Anything that reduces war-related destruction should not be considered altogether immoral.
For some years I have spent my time on exactly these questions - both in thinking about ways to prevent war, and in thinking about how to fight, survive, and terminate a war, should it occur.
In 1960 I published a book that attempted to direct attention to the possibility of a thermonuclear war, to ways of reducing the likelihood of such a war, and to methods for coping with the consequences should war occur despite our efforts to avoid it.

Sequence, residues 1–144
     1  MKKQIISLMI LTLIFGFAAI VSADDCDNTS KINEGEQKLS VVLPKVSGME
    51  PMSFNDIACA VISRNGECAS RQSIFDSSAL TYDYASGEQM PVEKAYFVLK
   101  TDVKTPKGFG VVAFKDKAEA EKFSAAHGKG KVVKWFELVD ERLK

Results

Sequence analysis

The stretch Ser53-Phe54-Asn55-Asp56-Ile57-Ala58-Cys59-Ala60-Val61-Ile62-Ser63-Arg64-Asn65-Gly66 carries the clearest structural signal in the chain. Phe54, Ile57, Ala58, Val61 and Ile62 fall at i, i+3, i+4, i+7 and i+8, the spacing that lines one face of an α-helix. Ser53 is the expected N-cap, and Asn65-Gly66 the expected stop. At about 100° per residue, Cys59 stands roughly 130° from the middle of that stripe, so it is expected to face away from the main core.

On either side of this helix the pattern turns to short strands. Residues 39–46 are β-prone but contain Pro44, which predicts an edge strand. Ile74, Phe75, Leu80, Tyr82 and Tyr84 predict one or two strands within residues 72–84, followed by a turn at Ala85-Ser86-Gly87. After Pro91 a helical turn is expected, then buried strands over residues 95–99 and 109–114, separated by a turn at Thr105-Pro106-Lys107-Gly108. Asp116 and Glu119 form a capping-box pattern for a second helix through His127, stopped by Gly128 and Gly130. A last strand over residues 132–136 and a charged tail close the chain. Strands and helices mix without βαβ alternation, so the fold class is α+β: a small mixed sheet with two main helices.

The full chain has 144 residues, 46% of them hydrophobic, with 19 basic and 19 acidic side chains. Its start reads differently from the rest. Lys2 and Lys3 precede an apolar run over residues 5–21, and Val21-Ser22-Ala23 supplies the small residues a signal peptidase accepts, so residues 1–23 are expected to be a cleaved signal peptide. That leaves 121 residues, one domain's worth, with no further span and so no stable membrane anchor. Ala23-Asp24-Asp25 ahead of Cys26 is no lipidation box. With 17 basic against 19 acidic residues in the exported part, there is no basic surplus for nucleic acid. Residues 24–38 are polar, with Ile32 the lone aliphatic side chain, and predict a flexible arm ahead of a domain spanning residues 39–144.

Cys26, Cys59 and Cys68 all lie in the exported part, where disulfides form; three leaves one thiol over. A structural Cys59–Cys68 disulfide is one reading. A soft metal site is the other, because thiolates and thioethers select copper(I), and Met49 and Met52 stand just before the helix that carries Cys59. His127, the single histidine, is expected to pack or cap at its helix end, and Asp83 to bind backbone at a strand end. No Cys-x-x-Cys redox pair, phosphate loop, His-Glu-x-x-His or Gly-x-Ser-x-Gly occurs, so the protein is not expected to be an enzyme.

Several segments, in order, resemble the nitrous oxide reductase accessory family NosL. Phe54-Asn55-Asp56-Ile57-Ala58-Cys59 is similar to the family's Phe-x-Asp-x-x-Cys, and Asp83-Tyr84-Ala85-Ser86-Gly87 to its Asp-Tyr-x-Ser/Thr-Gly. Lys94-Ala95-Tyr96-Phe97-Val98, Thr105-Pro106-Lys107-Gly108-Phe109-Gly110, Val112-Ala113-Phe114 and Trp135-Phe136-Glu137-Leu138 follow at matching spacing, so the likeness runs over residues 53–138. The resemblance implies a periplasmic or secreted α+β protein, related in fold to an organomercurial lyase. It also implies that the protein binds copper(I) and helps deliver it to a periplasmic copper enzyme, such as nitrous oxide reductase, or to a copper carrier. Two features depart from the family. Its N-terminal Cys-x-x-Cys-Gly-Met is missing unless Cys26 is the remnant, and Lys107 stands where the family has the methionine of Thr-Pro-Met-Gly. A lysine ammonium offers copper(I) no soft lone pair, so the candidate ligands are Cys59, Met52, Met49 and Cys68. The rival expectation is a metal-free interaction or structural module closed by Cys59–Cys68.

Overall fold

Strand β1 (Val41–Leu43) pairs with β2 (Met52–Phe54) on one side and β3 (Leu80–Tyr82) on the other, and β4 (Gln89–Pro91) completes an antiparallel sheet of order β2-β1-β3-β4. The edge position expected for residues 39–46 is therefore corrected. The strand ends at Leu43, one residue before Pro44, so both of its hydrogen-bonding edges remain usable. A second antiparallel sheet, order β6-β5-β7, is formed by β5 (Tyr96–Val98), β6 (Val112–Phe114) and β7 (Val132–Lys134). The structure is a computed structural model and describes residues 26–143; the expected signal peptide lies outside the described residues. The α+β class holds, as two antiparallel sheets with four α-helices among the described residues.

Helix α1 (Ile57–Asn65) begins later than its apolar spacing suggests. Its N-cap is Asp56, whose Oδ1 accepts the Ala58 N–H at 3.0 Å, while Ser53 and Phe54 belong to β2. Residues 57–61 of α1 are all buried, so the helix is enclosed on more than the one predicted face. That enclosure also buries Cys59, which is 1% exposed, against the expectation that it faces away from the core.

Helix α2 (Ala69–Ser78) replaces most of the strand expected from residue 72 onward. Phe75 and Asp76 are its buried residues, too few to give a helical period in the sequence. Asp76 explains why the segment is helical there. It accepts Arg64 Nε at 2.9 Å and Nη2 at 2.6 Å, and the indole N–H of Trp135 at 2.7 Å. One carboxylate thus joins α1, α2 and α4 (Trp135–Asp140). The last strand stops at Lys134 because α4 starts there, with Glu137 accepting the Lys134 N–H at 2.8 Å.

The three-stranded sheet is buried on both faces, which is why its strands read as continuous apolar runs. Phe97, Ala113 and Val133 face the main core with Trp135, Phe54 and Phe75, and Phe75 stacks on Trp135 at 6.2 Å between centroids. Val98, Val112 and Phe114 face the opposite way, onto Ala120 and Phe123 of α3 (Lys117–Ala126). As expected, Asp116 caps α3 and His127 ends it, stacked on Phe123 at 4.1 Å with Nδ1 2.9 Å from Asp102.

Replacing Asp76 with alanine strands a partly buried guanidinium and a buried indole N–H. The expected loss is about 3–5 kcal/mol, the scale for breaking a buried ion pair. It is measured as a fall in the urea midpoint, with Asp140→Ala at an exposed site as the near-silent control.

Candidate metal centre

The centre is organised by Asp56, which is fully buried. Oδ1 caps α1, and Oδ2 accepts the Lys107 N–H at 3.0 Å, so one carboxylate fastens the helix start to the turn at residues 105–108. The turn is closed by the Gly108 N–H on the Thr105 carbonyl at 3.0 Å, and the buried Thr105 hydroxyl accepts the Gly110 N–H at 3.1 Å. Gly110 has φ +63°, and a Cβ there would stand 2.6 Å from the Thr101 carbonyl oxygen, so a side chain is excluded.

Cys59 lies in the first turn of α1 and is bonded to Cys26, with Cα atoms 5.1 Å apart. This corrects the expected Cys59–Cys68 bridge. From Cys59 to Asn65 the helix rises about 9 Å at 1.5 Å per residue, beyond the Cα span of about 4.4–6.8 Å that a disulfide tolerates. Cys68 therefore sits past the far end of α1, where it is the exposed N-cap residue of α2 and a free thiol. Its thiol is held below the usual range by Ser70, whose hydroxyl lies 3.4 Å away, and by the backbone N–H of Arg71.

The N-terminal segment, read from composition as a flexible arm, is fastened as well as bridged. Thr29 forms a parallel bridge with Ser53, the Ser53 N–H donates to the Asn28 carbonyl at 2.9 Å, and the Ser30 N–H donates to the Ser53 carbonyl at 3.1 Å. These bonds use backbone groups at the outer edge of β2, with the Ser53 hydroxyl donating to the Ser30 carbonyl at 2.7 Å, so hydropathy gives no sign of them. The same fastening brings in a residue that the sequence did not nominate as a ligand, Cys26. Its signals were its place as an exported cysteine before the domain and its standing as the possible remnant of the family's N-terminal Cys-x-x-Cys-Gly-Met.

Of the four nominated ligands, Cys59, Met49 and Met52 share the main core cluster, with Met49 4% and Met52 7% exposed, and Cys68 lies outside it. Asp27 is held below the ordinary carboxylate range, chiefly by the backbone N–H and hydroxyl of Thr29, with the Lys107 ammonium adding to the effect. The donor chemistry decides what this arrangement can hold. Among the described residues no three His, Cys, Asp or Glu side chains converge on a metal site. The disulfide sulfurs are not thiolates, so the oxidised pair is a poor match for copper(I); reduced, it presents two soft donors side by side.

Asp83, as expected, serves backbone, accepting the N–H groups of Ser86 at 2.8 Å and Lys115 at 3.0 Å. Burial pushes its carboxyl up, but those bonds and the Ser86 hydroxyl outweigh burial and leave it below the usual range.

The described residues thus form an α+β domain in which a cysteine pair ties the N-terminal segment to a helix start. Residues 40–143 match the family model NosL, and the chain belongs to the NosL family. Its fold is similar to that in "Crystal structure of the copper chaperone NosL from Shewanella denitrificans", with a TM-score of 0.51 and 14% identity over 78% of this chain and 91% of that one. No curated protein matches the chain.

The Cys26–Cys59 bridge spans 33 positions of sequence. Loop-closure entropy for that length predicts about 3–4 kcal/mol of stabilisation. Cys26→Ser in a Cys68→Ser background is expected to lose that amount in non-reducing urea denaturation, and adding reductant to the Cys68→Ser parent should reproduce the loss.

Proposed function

New developments in weapon systems during the 1950s and early 1960s created a situation that was most dangerous, and even conducive to accidental war.
Nuclear war is such an emotional subject that many people see the weapons themselves as the common enemy of humanity.
The widespread diffusion of nuclear weapons would make many nations able, and in some cases also create the pressure, to aggravate an on-going crisis, or even touch off a war between two other powers for purposes of their own.
World War I broke out largely because of an arms race, and World War II because of the lack of an arms race.
From a scientific perspective there is some indication that a nuclear war could deplete the earth's ozone layer or, less likely, could bring on a new Ice Age - but there is no suggestion that either the created order or mankind would be destroyed in the process.
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